I do also want to note that if you go to school, you may have access to some of the books I'd suggest about healthy relationships through your school library. As well, if you and your boyfriend go out in your neighborhood together, going to the library together is something you can probably do.
Figuring out how to have healthy relationships isn't something a person can do without information about it, especially if they haven't learned how to do that through the relationships -- like with family -- they have witnessed or been part of growing up. If one or both of you have any learning disabilities that make reading difficult, there are other options, too, like audiobooks or like getting help from community-based services or programs to help people learn how to have healthy relationships. For example, there are branches of both the YWCA and YMCA in Baltimore, and both of those are community organizations that often offer this kind of help and programming, and usually for free.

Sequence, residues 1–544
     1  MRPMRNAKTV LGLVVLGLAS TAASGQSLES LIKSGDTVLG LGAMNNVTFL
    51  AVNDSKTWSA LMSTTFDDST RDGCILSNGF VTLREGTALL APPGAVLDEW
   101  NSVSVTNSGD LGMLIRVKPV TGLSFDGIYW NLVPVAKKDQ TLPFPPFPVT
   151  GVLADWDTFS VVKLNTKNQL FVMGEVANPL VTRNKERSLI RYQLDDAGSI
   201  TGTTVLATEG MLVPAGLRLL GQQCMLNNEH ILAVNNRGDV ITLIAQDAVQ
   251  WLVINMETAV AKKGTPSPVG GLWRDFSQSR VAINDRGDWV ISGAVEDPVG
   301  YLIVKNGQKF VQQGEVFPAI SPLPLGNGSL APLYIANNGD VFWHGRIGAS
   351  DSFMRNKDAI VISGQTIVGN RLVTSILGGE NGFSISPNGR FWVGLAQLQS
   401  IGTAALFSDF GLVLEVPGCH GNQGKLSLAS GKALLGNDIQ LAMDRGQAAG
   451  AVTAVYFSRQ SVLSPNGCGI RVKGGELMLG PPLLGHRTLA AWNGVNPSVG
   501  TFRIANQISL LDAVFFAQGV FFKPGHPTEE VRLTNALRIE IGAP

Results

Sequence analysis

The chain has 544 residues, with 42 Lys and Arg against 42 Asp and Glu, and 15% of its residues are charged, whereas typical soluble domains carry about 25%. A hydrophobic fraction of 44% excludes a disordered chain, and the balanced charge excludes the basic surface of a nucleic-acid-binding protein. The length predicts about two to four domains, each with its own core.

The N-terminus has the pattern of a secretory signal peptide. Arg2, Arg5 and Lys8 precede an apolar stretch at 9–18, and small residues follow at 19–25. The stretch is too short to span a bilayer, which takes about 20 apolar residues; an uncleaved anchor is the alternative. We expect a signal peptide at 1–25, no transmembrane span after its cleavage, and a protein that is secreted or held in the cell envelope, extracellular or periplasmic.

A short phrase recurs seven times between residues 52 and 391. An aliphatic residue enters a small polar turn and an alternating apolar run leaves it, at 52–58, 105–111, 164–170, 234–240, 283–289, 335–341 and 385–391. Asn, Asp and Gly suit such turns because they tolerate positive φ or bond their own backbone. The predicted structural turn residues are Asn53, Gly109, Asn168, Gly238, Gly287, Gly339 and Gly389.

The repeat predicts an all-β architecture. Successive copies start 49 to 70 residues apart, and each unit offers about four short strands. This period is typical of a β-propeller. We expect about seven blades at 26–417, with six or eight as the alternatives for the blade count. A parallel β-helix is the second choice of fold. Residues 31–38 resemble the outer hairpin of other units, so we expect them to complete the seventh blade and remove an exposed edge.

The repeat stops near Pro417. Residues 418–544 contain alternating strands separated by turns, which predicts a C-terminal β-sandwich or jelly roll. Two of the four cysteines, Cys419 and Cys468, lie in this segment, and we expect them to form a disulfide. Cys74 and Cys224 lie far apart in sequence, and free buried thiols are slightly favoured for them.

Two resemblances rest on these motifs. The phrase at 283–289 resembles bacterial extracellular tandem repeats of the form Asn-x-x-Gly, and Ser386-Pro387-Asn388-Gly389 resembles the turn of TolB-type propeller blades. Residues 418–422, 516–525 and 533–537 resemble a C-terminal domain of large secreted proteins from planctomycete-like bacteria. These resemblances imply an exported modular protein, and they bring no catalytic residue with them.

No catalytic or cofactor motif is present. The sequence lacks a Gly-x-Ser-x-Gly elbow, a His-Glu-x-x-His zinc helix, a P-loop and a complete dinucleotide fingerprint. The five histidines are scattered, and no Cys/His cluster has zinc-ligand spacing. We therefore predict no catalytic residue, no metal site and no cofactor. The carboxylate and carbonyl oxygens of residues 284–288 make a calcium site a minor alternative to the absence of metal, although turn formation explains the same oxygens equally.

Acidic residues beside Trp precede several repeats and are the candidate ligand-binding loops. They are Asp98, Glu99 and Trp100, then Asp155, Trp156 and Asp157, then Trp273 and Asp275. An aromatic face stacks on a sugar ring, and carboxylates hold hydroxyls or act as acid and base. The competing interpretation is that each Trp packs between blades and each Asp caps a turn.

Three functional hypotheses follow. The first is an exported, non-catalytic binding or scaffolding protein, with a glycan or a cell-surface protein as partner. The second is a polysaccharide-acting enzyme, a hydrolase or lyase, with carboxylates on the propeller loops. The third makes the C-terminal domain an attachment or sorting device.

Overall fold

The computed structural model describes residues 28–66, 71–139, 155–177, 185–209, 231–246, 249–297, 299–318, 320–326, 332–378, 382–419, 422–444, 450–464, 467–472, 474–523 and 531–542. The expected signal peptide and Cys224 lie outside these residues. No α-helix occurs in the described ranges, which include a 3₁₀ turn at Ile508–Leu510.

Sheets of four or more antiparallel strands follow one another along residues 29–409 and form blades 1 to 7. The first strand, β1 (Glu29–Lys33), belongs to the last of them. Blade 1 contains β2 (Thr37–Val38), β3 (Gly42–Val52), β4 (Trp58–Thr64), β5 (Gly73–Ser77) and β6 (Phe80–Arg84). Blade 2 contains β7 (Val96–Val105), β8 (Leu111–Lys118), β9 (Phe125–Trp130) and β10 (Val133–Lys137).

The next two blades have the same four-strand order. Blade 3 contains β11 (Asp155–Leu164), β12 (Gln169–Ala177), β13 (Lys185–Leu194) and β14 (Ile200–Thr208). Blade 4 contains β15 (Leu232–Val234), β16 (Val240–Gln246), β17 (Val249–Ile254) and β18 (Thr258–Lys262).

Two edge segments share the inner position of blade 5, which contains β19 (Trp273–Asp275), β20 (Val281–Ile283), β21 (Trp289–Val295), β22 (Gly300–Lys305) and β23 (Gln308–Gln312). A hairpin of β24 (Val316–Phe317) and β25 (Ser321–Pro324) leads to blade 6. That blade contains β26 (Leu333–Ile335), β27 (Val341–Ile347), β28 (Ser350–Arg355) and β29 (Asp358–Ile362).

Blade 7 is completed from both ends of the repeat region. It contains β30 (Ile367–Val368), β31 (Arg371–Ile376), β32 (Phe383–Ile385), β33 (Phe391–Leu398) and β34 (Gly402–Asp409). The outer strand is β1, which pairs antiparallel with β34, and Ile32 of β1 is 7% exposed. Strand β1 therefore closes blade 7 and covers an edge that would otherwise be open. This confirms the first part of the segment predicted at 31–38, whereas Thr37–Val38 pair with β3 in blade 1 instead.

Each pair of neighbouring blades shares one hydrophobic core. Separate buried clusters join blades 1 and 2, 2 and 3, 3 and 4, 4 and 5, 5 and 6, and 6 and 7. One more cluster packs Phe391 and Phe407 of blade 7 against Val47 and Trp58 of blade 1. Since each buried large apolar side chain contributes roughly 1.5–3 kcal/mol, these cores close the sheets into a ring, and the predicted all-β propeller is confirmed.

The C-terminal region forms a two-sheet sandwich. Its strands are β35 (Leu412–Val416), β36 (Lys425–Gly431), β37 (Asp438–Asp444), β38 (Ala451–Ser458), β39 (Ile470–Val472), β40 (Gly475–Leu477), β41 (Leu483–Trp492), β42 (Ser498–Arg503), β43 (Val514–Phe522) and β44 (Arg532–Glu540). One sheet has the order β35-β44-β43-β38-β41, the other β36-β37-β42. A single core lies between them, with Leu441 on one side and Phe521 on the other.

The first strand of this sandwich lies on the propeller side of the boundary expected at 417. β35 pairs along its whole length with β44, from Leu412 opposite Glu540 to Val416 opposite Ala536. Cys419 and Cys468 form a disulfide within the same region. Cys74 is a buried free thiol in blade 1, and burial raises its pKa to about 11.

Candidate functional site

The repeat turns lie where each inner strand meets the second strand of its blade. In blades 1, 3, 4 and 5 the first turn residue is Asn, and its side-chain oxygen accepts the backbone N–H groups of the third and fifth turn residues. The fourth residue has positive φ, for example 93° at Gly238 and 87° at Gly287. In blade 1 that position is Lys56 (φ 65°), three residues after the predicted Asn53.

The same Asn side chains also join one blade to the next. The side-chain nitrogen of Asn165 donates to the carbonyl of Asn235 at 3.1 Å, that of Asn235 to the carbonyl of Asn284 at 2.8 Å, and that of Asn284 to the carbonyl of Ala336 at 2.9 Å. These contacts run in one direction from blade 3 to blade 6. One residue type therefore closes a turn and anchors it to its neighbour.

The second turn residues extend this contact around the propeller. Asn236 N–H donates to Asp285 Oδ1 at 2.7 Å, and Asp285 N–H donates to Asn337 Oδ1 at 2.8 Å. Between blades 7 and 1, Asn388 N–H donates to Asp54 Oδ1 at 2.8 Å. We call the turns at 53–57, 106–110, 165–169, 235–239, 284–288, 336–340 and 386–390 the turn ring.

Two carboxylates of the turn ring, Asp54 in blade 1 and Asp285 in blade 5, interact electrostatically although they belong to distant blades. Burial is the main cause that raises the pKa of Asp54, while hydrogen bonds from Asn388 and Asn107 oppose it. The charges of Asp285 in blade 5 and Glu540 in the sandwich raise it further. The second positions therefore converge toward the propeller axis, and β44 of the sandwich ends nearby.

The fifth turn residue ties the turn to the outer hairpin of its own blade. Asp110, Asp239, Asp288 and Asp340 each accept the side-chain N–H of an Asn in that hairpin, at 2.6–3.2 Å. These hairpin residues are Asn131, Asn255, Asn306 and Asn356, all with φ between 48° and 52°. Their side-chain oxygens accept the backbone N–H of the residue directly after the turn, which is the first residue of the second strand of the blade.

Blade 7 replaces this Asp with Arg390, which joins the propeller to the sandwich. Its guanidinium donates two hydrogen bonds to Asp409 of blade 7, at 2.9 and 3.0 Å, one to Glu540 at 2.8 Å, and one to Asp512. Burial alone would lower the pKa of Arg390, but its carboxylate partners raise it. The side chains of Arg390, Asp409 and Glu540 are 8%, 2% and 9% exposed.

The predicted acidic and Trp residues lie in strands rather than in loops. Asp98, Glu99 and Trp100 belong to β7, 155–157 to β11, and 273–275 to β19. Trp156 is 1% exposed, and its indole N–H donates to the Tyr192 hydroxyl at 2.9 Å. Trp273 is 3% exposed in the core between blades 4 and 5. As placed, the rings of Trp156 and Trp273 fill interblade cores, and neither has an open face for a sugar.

Long story short: if you're both serious about this, you're going to have to at least do some homework, and that really is all there is to it. No one can just magic this stuff for you: it takes learning and it takes an investment of time in learning, and that's just to get a start.
In the event reading isn't an issue for both of you, at the very least, you can start by both reading some of the content we have here on the website about healthy relationships. You don't have to walk anywhere to get this content, it's right here.
I've made a short list for you to get started with below that I'd suggest you share with your boyfriend, that you both read, and that you both use to talk to each other about:
• Does Your Relationship Need a Checkup?
• Hello, Sailor! How to Build, Board and Navigate a Healthy Relationship
• Intimacy: The Whys, Hows, How-Nots, and So-Nots
• Should I Stay or Should I Go?
• Potholes & Dead Ends: Relationship Roadblocks to Look Out For